(Wikimedia Commons)

Student sues Columbia University for involuntary hospitalization

A former Columbia student alleges he was involuntarily committed to St. Luke’s Hospital and held there for 30 days


Katie McDonough
February 4, 2013 1:51AM (UTC)

After cursing at a professor during a final exam, former Columbia-Juilliard student Oren Ungerleider was committed to St. Luke’s Hospital and held there against his will for 30 days, according to a lawsuit he filed against the University this month.

As reported by the Columbia Spectator:

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According to the complaint, Ungerleider became angry after Spanish professor Ruth Borgman gave him an unfairly low grade on a final project and called her a bitch in front of his class during the final exam. He emailed Senior Associate Dean of Academic Affairs Hazel May to say he was sorry and explain that he was being unfairly graded, but she told him to see a psychologist, it says.

The complaint says that May directed Stephanie Nixon, then the director of residential programs, to visit Ungerleider’s Wien dorm room. She did so at 12:30 in the morning, accompanied by campus security officers, who unlocked the door. When Ungerleider resisted, Nixon called the New York Police Department, and three officers handcuffed Ungerleider and escorted him to the hospital... Malekshahi and other doctors medicated him against his will and kept him in containment, it says.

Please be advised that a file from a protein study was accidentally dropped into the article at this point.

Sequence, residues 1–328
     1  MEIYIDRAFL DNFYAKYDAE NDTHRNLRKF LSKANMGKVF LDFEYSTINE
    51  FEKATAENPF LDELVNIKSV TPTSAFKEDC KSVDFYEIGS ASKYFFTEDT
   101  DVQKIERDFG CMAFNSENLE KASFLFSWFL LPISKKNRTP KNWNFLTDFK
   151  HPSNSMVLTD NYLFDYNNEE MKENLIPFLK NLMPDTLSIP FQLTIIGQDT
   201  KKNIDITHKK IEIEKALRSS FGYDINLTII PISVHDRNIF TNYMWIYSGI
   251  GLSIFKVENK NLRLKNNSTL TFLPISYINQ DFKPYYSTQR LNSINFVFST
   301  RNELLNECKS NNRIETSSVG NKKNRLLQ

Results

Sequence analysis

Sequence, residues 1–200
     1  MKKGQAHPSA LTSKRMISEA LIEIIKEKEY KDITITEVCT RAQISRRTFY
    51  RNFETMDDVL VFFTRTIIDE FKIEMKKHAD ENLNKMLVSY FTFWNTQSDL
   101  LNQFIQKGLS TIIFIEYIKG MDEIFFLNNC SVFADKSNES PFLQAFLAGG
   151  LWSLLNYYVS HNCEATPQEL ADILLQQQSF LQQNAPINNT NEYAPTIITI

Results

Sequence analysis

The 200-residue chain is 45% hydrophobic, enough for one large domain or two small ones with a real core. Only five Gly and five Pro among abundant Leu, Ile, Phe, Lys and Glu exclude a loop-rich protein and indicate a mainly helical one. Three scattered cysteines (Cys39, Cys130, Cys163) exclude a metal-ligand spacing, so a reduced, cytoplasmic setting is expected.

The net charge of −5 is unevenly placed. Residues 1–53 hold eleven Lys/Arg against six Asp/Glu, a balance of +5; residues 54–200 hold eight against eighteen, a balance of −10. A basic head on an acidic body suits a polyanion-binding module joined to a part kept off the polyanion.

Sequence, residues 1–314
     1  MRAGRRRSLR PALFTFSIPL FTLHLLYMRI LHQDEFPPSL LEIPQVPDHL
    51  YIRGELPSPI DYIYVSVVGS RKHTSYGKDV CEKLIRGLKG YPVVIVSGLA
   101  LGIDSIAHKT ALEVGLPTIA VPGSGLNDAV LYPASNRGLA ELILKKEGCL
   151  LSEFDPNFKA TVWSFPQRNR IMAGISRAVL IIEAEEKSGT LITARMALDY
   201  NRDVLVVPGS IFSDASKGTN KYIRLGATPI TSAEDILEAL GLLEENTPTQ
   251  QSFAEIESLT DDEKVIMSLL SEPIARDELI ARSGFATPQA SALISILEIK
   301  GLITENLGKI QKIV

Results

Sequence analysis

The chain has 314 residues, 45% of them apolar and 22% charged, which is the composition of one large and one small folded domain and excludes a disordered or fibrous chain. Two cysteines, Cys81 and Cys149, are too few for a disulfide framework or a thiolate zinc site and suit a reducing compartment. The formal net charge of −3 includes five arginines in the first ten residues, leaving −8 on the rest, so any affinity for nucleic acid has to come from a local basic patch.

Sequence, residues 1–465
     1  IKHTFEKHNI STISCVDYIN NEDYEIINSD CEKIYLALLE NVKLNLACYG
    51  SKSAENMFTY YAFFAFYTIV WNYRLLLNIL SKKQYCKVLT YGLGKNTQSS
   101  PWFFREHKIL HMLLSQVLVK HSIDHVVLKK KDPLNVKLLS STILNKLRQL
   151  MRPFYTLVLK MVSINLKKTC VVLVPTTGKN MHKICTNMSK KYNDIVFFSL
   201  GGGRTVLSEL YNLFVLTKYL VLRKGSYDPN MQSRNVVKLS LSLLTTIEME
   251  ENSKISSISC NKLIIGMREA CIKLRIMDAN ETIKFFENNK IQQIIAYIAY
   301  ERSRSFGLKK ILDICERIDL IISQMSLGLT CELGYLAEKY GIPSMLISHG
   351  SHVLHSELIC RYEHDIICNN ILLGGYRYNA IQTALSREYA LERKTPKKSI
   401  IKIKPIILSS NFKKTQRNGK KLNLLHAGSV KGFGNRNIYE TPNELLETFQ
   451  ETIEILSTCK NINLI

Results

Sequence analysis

Ungerleider eventually requested a court date to challenge his hospitalization, but the appearance did not result in his release. Instead, he remained at St. Luke’s until doctors released him on Jan. 21, 2011, the complaint says.

Ungerleider also says he was forced to take a year and a half away from school when the University refused to let him return after his hospitalization, according to the complaint. He is now a student at Ohio State University

The lawsuit is asking for $10 million in compensation and damages, but it could take years before the case progresses, Ungerleider's lawyers say. According to the Columbia Spectator, this is the third lawsuit that a former student has brought against the University in the last six months:

Two graduate students alleged in a lawsuit filed in January that the university retaliated against them when they accused professors of sexual harassment. And a Ph.D. student filed suit in September claiming he was fired from his position after he complained about being sexually harassed by his supervisor.


Katie McDonough

Katie McDonough is Salon's politics writer, focusing on gender, sexuality and reproductive justice. Follow her on Twitter @kmcdonovgh or email her at kmcdonough@salon.com.

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